June 24, 2019 at 03:00AM by CWC
The other day at work, there was a fire drill, and while getting an extensive lecture about safety, I could not, for the life of me, stop laughing. And it was embarrassing. Here’s the long and short of it: When the fire marshal started talking about elevator shafts and smoke penetration, I could barely contain my snickers thanks to the American Pie-level innuendos taking shape in my mind. But it wasn’t funny. He was giving us tips to avoid tragedy, complete with anecdotes of real, tragic events. I used all my energy to breathe deeply and hide my guilty smile.
It’s not the first time in my life that inappropriately timed laughter has overtaken me—and I’d bet that I’m not alone. You’ve for sure been in a serious situation but suddenly and nearly uncontrollably broken out into giggles, right? Let’s call it funeral laughter, if you will. But just because it might be common doesn’t make being in the midst of an ill-timed giggle fit any less awful.
“There is no ‘good’ way to make an excuse, nor is there a tried-and-true protocol for handling an awkward laugh,” says etiquette expert Diane Gottsman. She suggests chatting with the person whose thoughts your laughs interrupted after the incident to share that your episode wasn’t personal. “Explain why you were laughing, and let them know it was certainly not intentional.”
Of course, the best case scenario is to stop the laugh attack in its tracks, and to help that happen, there are some strategies you can invoke.
1. Be a mindful master of your laughter
Gottsman says “taking several deep breathes” and “focusing on an object across the room” are both helpful methods. I prefer the exclusive Mary Grace Method, which has an above-average success rate: When I find myself near consumed by a giggle fit, I compulsively start gasping for air and try to focus on the most bland, sexless thing in the room. (“Wow, those white minimalist dining chairs are really an IKEA nightmare.” This simple, meditative practice is usually enough to bring me back to Earth and the present moment.
2. Call upon an all-knowing friend to ground you
And if that doesn’t work, you could always have someone hold you down to keep you from laughing. No, not in a literal sense; rather, Gottsman says it’s helpful to have a trusted friend “anchor” you with a hand on your arm or leg to calm you down.
“You need someone who is aware of your discomfort and ready to assist, sitting next to you,” Gottsman says. So this won’t necessarily work if you’re flying solo at a wedding and are internally screaming at the vows Unremarkable Steve wrote for your best hometown friend. But, if you’re with a pal who can read your vibes? It’s great (and kudos to Jessie for kindly restraining me and my giggle fit during the fire drill).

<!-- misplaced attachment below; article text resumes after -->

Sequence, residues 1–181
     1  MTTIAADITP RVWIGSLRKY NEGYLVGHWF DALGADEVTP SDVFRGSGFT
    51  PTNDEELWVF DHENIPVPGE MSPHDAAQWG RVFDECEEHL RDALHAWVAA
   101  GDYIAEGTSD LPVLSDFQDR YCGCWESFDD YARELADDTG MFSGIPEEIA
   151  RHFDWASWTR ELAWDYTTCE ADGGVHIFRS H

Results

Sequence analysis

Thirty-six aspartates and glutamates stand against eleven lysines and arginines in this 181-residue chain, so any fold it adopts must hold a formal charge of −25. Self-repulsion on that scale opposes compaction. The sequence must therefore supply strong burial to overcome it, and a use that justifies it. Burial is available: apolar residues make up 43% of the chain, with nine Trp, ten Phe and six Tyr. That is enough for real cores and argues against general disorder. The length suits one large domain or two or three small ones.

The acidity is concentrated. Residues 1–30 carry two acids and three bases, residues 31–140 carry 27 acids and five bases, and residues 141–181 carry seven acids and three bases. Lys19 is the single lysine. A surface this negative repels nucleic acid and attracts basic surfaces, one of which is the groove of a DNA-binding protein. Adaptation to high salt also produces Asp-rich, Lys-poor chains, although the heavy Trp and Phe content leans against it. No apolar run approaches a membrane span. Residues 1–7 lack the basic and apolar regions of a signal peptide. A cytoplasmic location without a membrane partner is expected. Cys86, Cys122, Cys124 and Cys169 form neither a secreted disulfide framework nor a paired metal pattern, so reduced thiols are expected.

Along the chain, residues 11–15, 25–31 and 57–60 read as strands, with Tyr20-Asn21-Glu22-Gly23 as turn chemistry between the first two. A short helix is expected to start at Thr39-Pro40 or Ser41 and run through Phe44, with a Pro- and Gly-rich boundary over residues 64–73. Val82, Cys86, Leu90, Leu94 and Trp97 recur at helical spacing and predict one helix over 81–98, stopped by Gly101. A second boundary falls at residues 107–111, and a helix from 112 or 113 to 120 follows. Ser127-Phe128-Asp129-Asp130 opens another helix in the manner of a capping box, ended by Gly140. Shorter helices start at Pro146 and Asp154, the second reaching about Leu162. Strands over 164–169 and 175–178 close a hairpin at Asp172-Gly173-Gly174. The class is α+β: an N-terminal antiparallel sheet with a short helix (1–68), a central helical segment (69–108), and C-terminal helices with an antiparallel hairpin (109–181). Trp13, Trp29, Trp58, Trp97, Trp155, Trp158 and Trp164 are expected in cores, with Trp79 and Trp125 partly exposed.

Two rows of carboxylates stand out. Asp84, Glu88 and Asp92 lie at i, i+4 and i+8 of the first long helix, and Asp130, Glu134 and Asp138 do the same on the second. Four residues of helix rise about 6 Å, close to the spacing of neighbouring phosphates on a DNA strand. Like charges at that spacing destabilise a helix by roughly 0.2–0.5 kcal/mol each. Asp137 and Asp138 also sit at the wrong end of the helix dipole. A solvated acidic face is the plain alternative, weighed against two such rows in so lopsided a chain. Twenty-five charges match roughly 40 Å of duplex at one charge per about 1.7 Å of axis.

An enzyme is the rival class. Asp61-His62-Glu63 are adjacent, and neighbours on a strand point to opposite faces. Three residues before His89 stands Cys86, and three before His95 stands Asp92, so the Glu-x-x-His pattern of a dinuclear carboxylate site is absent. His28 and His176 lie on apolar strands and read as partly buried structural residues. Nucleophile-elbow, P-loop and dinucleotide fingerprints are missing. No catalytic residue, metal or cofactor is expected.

4. Make a mental note to just laugh later
Another strategy? Delaying the gratification of laughter. For example, let’s say you’re trapped in a should’ve-been-an-email meeting, and your work wife whispers something funny to you. Do you A. burst into hysterics and have to explain yourself to a joyless company exec, or B. fantasize about laughing later until the desire passes?
Well, when you’re trapped in a situation like this, a random laugh would be a real grade-school look, so clinical psychologist Nancy Irwin, PsyD, suggests making a mental “To be continued” note on your glee. So, go with option B.
“If it is impossible to extricate yourself from the room at the time of your laughing attack, close your eyes and picture yourself going to a comedy club or bending over, laughing with a friend after the meeting,” Dr. Irwin says. “You ‘put a bookmark’ in that need and allow yourself to indulge in it later.”
5. Write it all down
This is to another way to “bookmark” your laugher, and it’s particularly useful for during a work meeting. Essentially, it’s why I bring my notebook with me everywhere I go—because, really, I never know when I’m going to be overcome with inappropriate laughter. With your pen and paper at the ready, Dr. Irwin recommends you act as though you’re taking notes and “write out that you are in control now and appropriate in this setting, and will enjoy the laughter later, even more.” And then, hopefully, that release will keep you from laughing then and allow you to do so later.
6. Leave, and then laugh away
As it turns out, laughter is some pretty solid healthy medicine, and indulging in that LOL life may just set you free by getting the giggles out of your system. “Sometimes we only want to laugh when we know we should not be doing so,” Dr. Irwin says. “It can be a juvenile or rebellious urge, and you feel empowered ‘breaking the rules,’ if you will. The antidote? Give yourself permission to laugh all you want. When given permission, the urge dissipates very quickly, typically.”
The only caveat? Gottsman and Dr. Irwin agree that you should try to GTFO of there (my words, not theirs). “You can excuse yourself and go to the ladies room, or a garage, and laugh your head off,” Dr. Irwin says.
Otherwise, take a moment and breathe in deep with me. Deep, penetrating breaths.